The only two English representative players to have been through the drugs ban faced by Matt Stevens predict troubled times for the shamed Bath prop. If the positive test admitted by Stevens was for cocaine, he faces a two-year suspension from any normal contact with the game he loved and played for a living. He will be unable to train with a team or even walk into the local junior club in whatever country he finds himself in.
"Even being your normal character changes," said Adam Dean, who was an England Under-18 flanker when he tested positive for an anabolic steroid in 2005. "I used to be the one who was loud at training and said, 'Give me the ball and I'll smash into them'. After the ban I was very much the opposite. I don't know Matt, but I can imagine him being depressed and very down. The everyday routine of getting up and doing what he used to do is out of the window. It's his job, and he may as well have been fired, but it's not just that. A ban from rugby is like being pushed out of a family."
Martin Johnson, the England manager, and Michael Lipman, the Bath captain, have expressed a measure of support for Stevens but Dean – who joined the Royal Navy when his thoughts of a rugby contract with Sale or Newcastle evaporated – has felt the effect of a complete break. "Matt's team-mates might be saying the right things now, but I can guarantee they'll forget him," he said. "In two years' time, none of them will have called him. Life moves on, two years is a bloody long time and he won't even feel like training with them."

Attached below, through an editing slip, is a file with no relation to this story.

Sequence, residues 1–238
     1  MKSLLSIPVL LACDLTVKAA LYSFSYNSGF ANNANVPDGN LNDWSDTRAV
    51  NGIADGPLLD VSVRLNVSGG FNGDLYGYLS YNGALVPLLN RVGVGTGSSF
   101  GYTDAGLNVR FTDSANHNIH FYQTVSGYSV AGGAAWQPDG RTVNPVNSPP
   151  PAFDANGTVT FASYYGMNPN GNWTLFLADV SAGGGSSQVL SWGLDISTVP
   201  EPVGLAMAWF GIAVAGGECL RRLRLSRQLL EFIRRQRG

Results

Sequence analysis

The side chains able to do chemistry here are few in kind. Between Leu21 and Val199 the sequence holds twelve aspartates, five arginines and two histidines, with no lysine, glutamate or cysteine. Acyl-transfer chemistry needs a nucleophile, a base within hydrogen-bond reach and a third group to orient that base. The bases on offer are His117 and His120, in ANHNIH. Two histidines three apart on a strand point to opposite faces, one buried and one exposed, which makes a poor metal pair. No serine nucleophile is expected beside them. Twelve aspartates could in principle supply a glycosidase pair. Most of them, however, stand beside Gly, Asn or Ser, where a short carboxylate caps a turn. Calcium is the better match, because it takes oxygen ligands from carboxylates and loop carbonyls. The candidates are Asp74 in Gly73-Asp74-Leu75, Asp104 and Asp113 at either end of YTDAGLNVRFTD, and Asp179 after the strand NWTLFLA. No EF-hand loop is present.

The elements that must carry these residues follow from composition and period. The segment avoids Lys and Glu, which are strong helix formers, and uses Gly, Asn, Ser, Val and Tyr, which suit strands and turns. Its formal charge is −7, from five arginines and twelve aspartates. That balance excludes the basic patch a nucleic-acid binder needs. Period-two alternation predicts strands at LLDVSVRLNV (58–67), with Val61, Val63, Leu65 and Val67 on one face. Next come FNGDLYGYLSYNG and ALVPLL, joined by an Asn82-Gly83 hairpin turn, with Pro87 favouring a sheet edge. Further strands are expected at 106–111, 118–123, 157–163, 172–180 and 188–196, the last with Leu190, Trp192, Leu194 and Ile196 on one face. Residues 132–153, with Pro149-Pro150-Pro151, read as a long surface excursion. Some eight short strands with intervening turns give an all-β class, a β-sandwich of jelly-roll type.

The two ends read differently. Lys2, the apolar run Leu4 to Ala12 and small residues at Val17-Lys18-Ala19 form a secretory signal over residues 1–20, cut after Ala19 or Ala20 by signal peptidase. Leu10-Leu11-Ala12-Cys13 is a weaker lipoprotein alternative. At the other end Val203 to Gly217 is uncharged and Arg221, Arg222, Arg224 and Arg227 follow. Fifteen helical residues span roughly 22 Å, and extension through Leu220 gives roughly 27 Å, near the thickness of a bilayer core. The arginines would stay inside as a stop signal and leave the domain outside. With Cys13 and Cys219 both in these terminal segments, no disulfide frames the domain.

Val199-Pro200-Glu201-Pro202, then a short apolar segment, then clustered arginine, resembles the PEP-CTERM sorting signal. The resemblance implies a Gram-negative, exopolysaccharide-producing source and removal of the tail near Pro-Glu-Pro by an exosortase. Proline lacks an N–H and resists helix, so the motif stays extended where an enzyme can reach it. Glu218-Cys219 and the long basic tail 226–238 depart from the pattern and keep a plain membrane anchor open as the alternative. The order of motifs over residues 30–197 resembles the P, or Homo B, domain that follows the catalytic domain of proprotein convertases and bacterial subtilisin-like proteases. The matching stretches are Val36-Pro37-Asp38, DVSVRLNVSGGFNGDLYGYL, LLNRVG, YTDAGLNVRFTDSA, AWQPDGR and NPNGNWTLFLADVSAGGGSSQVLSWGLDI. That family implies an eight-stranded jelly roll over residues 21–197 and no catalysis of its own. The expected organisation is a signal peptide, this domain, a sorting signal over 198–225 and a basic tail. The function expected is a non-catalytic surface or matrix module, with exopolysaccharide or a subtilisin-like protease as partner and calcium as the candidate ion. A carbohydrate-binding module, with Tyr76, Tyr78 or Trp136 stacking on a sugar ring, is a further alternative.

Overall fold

Jason Keyter played professionally for Bristol, Harlequins, England A (in 1995) and the USA, but was winding down as a 31-year-old amateur with Esher when he tested positive for cocaine in 2005. Like Dean, he protested he had taken the drug unwittingly but, despite the Rugby Football Union recommending a one-year ban, both men were given two years by a higher authority – in Keyter's case the Court of Arbitration for Sport; in Dean's the International Rugby Board.
Some reports have cited new IRB regulations as allowing a shorter ban for some substances, but cocaine's status as a prohibited stimulant "in competition" is unchanged,as is the recommended suspension. Furthermore, Stevens' test in December makes himsubject to the pre-1 January relegations.
"If Matt gets a ban, he can't go training with his team-mates in a professional environment and I think that is disgracefully unfair," said Keyter, now 35 and recently retired from playing after he returned to the field with Newquay Hornets in November 2007. He threw in his job as a head-hunter in Londonfor a new life in Cornwall, developing holiday properties.
"He can keep fit, but it's the knocks, the contact, the reading of the game that make you a player. It's not the end of him but he'd be back at 28 and far less invincible than he is at 26." The single rugby activity permitted under a ban is "auth-orised anti-doping education or rehabilitation programmes".
Keyter urged that Stevens be given a reduced sentence and "made to jump through some serious hoops" to assist himself and others. "The bottom line is something good needs to come out of it and history predicts that nothing good will come out of a two-year ban."
A measure of Dean, now 23, is that he is 12 hours' flying time from gaining his wings as a fixed-wing jet pilot. He has played rugby for the Navy at Twickenham but could not face rejoining a club – in any sport. "I was asked to play in Lincoln and York, but I could not get back into the team mentality. York basketball team asked me along and I said no. When you've been told you can't walk into a rugby club – a thing you've been doing from five – you just don't want to go back there."Reuse content